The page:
The Windows 8 runtime provides robust APIs and sensor fusion to incorporate in your applications, but sometimes, applications need to build on top of this for the best user experience. The following sections go into detail about how some of the common motion sensors work, what can be done to improve the data of the sensor, and what are some of the limitations you might run into.


The accelerometer sensor measures how fast the velocity of the device is changing over time. This could be measuring the device shaking, moving from point A to B, or rotating. The following image displays some characteristics of the accelerometer as the device is rotated by an angle counterclockwise.

Using gravity to our advantage, we can quickly determine the angle of rotation by looking at the angle between the X,Y accelerometer values and the –Y axis. The alternative way to determine the rotation would be to isolate gravity and measure just the changes in the accelerometer values that occurred during the rotation. You would then integrate the values to give you velocity and once again to give you distance travelled.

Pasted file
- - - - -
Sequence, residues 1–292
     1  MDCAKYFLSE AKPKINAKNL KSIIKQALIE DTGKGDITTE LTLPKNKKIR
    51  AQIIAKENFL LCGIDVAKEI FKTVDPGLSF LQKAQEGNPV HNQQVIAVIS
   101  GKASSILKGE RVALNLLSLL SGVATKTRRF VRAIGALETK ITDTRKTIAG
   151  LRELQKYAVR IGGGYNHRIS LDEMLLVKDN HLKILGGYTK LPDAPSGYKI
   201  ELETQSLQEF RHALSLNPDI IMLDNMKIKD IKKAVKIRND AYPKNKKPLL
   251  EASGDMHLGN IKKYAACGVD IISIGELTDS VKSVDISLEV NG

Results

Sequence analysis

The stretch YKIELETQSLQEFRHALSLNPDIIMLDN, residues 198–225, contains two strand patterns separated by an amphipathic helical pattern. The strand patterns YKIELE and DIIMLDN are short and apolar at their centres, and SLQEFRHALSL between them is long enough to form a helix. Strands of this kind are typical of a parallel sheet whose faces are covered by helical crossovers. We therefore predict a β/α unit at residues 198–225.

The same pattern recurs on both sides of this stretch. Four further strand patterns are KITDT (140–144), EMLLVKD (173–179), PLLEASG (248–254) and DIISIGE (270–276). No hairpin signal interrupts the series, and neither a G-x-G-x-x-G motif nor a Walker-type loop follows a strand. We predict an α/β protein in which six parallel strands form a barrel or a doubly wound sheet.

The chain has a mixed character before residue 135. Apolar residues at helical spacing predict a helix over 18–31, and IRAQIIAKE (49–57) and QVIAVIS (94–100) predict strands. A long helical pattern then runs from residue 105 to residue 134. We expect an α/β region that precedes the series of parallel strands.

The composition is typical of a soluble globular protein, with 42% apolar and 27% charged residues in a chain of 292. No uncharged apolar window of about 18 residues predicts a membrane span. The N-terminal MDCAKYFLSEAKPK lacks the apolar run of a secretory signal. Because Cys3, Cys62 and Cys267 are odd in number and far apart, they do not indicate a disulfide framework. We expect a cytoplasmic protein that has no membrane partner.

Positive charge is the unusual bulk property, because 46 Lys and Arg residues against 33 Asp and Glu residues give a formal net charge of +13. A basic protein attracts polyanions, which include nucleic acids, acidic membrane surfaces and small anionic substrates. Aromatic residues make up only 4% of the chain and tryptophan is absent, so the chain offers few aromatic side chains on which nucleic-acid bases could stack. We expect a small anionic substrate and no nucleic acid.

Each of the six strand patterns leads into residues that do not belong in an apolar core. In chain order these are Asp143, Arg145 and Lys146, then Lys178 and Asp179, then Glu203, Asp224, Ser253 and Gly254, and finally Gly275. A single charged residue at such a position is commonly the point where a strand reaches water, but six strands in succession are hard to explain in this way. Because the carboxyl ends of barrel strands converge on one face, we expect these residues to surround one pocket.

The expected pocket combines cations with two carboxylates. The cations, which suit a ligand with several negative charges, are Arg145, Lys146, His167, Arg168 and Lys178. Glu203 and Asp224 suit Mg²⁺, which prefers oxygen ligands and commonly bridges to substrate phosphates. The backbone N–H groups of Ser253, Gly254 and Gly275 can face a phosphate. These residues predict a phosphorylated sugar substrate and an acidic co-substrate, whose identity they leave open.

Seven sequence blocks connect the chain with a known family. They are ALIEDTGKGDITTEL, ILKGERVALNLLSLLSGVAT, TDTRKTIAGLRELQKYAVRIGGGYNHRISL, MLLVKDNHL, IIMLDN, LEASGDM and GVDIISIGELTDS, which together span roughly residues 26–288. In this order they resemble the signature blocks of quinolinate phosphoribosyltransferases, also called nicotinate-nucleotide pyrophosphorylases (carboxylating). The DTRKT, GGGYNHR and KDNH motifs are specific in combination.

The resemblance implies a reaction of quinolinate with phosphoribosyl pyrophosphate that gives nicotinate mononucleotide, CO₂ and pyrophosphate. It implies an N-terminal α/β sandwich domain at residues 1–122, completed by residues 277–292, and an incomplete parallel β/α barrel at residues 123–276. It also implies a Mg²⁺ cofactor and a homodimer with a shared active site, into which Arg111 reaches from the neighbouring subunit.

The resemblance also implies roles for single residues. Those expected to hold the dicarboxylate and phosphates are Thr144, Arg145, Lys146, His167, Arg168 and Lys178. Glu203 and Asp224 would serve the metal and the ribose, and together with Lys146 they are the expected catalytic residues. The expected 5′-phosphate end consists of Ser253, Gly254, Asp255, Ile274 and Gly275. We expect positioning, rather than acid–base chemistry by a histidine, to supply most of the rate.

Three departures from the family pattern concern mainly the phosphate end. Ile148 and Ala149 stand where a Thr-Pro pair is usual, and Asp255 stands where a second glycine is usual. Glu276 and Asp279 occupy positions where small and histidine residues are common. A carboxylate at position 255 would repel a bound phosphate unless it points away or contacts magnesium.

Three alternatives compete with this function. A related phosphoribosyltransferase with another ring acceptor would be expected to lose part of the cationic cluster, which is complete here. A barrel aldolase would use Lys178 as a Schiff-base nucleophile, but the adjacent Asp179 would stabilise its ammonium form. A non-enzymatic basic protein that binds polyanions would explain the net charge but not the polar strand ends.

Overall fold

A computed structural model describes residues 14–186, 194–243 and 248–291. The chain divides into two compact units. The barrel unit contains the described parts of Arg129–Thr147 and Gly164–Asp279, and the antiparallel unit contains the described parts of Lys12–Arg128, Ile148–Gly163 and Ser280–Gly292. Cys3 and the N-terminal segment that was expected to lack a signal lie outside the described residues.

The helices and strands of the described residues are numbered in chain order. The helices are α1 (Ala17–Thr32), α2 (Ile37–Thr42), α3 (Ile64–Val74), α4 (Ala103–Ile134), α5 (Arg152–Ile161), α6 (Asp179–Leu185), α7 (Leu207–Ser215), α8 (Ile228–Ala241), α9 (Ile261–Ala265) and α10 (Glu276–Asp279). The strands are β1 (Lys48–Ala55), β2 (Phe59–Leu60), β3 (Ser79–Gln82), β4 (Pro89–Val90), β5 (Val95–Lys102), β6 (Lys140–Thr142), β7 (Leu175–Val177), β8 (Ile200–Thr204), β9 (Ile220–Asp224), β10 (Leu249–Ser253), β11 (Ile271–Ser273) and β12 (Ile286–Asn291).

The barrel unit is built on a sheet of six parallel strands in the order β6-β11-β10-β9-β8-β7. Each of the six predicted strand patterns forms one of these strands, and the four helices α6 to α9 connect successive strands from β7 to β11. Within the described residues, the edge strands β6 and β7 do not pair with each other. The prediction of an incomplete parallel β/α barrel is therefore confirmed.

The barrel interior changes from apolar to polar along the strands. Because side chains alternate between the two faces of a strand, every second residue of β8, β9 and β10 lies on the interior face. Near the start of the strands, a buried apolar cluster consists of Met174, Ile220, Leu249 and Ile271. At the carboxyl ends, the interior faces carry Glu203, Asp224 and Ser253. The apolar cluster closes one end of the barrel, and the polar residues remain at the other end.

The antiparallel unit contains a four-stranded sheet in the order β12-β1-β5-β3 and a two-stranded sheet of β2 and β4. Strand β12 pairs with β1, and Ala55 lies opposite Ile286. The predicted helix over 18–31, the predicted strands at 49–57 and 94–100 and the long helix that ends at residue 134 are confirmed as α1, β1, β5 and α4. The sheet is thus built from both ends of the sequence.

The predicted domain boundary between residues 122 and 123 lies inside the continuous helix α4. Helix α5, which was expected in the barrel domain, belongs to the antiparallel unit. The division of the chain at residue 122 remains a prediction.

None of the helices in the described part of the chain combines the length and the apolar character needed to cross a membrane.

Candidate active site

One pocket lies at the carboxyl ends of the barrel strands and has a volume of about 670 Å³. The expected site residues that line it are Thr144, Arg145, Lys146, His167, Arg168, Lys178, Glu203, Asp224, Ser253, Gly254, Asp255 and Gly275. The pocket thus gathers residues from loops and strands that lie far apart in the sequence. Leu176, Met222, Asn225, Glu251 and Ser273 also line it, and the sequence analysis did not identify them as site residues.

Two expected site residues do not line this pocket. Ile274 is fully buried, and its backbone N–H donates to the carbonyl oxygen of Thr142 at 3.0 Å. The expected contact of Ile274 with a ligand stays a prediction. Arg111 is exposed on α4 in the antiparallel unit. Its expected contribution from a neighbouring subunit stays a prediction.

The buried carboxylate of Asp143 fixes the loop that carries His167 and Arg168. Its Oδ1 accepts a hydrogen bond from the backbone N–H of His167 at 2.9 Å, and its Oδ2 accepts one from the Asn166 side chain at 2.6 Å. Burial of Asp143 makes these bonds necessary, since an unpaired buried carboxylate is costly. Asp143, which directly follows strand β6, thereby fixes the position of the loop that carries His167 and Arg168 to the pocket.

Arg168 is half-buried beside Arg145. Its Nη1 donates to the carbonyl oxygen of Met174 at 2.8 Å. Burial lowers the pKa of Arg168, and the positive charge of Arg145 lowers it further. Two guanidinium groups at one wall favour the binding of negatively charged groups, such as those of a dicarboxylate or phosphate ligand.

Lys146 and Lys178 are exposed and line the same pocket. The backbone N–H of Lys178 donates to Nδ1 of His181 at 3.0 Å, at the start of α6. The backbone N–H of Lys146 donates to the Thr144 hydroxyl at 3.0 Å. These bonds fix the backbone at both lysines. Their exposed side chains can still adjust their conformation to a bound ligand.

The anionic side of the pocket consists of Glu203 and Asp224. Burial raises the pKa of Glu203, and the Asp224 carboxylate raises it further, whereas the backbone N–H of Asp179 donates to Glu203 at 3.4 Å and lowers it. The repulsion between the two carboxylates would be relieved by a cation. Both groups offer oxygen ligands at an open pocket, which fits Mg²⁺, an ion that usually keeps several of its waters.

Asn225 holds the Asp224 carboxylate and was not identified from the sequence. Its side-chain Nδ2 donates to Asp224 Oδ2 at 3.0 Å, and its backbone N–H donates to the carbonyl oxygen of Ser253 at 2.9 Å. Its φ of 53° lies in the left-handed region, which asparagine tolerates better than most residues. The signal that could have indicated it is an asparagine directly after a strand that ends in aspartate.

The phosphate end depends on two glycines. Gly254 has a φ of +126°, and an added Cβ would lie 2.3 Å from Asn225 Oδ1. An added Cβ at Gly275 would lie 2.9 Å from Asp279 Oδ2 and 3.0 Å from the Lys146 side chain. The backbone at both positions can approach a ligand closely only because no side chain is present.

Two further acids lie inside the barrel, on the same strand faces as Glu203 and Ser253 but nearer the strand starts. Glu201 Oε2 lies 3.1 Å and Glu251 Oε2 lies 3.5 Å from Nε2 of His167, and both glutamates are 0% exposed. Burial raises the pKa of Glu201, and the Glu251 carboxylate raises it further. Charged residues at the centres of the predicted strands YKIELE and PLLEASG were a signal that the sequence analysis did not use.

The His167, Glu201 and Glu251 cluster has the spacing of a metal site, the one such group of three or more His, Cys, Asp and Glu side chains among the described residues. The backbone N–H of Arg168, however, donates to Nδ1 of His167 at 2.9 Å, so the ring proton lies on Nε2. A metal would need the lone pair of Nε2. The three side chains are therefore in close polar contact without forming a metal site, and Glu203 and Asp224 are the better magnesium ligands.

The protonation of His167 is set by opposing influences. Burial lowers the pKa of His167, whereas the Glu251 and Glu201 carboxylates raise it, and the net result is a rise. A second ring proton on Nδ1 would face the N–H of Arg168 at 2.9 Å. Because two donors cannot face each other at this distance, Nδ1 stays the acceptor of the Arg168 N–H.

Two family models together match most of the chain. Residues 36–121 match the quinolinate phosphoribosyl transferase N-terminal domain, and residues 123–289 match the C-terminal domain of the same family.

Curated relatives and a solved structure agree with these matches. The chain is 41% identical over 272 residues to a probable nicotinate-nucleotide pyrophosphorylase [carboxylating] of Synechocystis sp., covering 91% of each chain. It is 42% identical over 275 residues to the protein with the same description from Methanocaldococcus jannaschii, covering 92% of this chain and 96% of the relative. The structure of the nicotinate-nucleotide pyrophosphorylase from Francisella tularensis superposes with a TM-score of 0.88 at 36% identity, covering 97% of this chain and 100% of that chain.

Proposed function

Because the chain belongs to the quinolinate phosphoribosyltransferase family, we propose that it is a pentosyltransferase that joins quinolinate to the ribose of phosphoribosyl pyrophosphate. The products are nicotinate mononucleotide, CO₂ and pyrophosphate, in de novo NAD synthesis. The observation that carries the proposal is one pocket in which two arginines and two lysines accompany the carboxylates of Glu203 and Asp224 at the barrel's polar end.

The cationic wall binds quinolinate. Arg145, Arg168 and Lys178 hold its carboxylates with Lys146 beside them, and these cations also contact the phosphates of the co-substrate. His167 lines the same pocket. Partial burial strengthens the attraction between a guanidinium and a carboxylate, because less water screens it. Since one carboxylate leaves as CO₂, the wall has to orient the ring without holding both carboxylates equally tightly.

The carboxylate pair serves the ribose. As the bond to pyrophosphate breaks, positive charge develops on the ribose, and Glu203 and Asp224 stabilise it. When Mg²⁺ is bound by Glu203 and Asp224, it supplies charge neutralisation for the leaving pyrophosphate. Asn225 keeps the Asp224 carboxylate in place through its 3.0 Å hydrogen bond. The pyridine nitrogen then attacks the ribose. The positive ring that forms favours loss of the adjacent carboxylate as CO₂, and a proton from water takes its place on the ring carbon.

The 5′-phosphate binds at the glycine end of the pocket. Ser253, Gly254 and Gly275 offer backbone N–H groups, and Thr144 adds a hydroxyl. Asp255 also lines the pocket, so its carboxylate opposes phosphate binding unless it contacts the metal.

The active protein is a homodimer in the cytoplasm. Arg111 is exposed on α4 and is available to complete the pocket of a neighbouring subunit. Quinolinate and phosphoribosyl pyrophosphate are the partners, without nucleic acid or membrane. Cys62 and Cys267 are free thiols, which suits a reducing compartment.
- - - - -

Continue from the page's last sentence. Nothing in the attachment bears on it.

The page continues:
One major issue with both of these methods is that the data source of the accelerometer is rather noisy. The following graph looks at the raw sensor readings as the device is rotated 90 degrees.

Starting at the left of the graph, the device is in a landscape position with the -Y axis pointing straight down. Here you see the effect of gravity with a -1 value. After the rotation is complete, the –X axis is pointing straight down and gravity is now reporting -1 g’s, while the Y axis no longer has any gravity component. The other notable characteristic of the graph is the amount of noise or jitter in the lines. Using this raw data directly in your application may not produce ideal results. One straightforward algorithm to deal with the jitter is a smoothing function that looks like this: